indicated by light gray and dark code colors, respectively.
For the polymeric network loaded with indomethacin, the
code color in the most region of the score images is gray,
the intermediate color between light gray (the cod color
of the polymers) and dark gray colors (the code color of
indomethacin). The predominantly gray score images
evidences the homogeneity distribution of drug in the
synthesized polymeric matrices. Also, the code color
attests the qualitative differences between the polymeric
networks variants loaded with drug.
3.5. In Vitro Controlled Release of Indomethacin
Figure 5. Illustration of the chemical structures involved in
the polymerization processes. As it is well known the physicochemical properties of the
polymeric network as well as the drug loading method
determine the further release mechanism of the bioactive
product [18]. The release profiles of INN from the poly-
meric loaded samples, in physiological buffer solution
(pH = 7.4, and 37˚C) are presented in Figure 7. For all
polymer/INN complex formulations (Figure 8), the sus-
3.4. The Evaluation of the Drug Homogeneity
into Polymeric Matrices
PAS, CD and PVA were used during pHEMA synthesis
not only for their character as protective colloids but as
well to improve the ability of the homopolymer for
(a) (b) (c)
Figure 6. Score images of the indomethacin inclusion into the polymeric networks PHEMAPVA (a); PHEMAPAS (b); and
Upon the Delivery Properties of a Polymeric System Based on Poly(2-Hydroxyethyl Methacrylate)
Prepared with Protective Colloids
Figure 7. The INN releasing profile from the polymeric ma-
Figure 8. Illustration of the poly(2-hydroxyethylmethacry-
late)/INN complex formation.
tained release behavior was observed. During the first
300 minutes, all samples present a faster release of INN
(burst effect). The burst release is owing to the presence
of the drug at the surface of the polymeric particles. After
this interval of time the release kinetic is slowed, be-
havior which is attributed to the links intervened between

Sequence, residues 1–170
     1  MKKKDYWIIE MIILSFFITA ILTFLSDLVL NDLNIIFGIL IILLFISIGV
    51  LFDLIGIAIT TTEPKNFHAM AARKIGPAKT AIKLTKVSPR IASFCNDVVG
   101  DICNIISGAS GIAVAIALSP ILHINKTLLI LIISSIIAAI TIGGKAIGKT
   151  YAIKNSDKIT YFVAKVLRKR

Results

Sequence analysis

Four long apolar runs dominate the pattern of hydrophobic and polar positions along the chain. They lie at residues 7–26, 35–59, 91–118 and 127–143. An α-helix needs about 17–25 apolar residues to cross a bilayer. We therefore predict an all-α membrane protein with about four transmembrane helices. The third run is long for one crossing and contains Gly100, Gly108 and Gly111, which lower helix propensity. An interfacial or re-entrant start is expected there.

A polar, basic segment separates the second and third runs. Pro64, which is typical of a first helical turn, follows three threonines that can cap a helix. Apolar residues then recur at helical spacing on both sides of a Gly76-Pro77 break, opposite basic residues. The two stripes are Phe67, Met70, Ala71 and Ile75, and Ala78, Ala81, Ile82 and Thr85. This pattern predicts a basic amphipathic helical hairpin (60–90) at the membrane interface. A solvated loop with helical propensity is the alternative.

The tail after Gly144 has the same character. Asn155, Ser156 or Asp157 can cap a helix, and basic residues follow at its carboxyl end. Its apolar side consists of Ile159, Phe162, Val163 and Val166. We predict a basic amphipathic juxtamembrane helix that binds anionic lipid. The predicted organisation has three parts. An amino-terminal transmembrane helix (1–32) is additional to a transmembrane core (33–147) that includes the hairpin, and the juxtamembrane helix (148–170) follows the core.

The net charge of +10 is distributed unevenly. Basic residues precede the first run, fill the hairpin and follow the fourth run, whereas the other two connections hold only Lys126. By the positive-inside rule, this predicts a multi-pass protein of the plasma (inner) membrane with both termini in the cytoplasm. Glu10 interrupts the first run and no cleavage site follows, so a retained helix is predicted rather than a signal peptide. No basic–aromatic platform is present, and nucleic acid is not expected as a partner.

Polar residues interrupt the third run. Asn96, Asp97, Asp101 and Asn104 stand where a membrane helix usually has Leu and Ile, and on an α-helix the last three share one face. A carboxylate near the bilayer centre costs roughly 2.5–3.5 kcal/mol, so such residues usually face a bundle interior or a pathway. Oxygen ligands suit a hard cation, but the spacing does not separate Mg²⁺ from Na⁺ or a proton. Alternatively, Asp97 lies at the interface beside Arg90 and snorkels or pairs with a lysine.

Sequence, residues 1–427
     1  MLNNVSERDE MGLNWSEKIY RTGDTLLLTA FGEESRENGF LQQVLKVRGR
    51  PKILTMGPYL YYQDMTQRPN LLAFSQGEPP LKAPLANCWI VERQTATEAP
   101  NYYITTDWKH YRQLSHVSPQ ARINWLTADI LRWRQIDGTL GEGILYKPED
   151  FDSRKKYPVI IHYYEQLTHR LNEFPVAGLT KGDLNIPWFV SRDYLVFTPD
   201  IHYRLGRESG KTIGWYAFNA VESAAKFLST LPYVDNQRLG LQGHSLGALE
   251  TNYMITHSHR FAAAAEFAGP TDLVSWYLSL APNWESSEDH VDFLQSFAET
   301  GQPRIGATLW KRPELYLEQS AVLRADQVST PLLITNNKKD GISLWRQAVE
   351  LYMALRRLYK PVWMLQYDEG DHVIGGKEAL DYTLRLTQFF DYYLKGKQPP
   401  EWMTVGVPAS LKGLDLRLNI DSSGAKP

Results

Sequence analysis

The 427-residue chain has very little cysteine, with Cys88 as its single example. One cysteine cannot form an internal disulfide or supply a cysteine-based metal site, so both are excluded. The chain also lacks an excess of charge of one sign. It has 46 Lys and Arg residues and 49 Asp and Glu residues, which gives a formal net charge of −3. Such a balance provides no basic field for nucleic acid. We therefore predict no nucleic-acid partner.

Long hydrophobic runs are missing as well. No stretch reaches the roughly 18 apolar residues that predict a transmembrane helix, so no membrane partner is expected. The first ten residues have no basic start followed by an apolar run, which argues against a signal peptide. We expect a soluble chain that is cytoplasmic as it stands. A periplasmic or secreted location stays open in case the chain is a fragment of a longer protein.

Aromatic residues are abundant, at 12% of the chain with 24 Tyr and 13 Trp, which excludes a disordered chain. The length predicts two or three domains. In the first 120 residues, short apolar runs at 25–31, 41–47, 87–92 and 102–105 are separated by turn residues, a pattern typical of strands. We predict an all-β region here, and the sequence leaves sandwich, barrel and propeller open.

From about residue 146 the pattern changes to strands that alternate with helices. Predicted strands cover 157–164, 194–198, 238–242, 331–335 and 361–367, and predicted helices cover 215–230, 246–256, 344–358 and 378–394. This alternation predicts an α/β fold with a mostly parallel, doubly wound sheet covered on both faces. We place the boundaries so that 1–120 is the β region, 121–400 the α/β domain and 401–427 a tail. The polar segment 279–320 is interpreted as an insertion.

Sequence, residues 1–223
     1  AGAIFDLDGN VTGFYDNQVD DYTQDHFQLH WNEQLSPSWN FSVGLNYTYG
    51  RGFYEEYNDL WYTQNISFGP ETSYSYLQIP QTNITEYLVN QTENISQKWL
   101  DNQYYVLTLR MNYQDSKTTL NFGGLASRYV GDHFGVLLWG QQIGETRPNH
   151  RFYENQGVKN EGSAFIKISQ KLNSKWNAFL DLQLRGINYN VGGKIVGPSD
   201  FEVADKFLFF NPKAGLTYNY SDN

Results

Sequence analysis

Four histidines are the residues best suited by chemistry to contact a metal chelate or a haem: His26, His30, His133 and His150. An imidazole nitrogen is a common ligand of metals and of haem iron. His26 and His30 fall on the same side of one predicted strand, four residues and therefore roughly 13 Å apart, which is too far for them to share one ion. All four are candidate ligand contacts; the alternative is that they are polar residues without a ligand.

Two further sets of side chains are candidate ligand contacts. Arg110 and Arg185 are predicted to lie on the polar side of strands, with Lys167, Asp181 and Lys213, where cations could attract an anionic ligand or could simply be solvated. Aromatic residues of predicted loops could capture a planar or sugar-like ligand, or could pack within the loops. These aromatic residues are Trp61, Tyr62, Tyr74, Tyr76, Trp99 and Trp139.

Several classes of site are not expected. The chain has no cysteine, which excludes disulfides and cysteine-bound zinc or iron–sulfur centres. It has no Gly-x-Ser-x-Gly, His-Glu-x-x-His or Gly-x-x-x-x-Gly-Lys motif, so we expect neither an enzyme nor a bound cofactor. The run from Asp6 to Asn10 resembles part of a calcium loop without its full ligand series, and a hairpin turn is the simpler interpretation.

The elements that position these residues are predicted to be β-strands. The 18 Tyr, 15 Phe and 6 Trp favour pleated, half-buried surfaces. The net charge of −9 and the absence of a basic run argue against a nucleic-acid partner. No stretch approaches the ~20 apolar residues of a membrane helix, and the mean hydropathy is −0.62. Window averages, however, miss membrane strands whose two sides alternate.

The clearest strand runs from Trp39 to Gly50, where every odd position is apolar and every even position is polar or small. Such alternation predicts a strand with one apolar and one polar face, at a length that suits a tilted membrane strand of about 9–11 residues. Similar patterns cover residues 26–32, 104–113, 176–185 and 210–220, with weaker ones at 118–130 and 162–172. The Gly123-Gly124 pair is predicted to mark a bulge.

drug and the protective colloid. Thus, pHEMAPAV sam-
ples present the slowest release rates, while the pHEMACD
and pHEMAPAS samples are releasing much faster the
drug. This aspect is sustained as well by the largest pores
of pHEMAPAV (Figure 3) which can keep and maintain
the drug inside the network, and not only at surface as in
case of pHEMACD and pHEMAPAS samples. And more
then that PHEMAPAV have the lowest swelling degree
which may explain as well this slowest release. The
entire quantity of loaded indomethacin was released from
pHEMAPAS and pHEMACD samples during the time of
observation, while just 79% of drug was released from
4. Conclusion
The study evidences the possibility of using poly(vinyl
alcohol), β cyclodextrin or poly(aspartic acid) as pro-
tective colloids for the preparation of poly(2-hydroxye-
thyl methacrylate) through radical processes of poly-
merization. FTIR spectra confirm the synthesis of pHEMA
as well as the presence of PVA, CD or PAS. The in-
fluence of the protective colloids was put into evidence
by the different behaviors of the synthesized homopoly-
mers during thermal decomposition. Thus, polymers can
be ranked in the following order of their thermal stability:
pHEMAPAV > pHEMAPAS > pHEMACD, behaviour justi-
fied by the increased numbers of hydrogen bonds inter-
vened between the molecular chains and related to the
molecular weights of the protective colloids. The shape
and morphology of the pHEMA structure were found to
be the effective result of the used protective colloids.
Therefore, complementary SEM observations evidenced
the role played by the surfactants: the particles are changed
from irregular aggregates in the case of using PVA, to
well-defined filaments in the case of PAS, or tracery when
CD is used. The swelling capacity is also depending on
the protective colloids variant used during pHEMA syn-
thesis. Thus, the swelling degree of the polymers is
growing in the following order: pHEMAPAV < pHEMACD
< pHEMAPAS. The behavior was justified by the core/
shell structure of the PHEMA micelles with 1) the hydro-
phobic segment of PAV shell oriented on the exterior of
the micelle surface, as well as 2) the superabsorber
character of PAS and 3) hydrophilic nature of CD. The
synthesized pHEMA particles were used as matrix for
coupling indomethacin as model drug. The NIR-CI me-
Copyright © 2013 SciRes. JBNB
Upon the Delivery Properties of a Polymeric System Based on Poly(2-Hydroxyethyl Methacrylate)
Prepared with Protective Colloids
thod confirmed the homogeneous distribution of the INN
in the polymeric network. The INN release was also
dependent on the protective colloids variant used for the
pHEMA preparation. Thus, pHEMAPAS as well as
pHEMACD matrices release almost the entire quantity of
the coupled INN. During the same period of releasing
time, pHEMAPAV retains amounts of drug, behaviour jus-
tified by the morphology of the particles, higher mole-
cular weight of PAV, and the hydrophobic surface of the
core/shell pHEMA particles.
5. Acknowledgements
This work was financially supported by the grant of the
Romanian National Authority for Scientific Research,
CNCS-UEFISCDI, project number PN-II-211/2012 “In-
terdisciplinary research on multifunctional hybrid parti-
cles for bio-requirements”.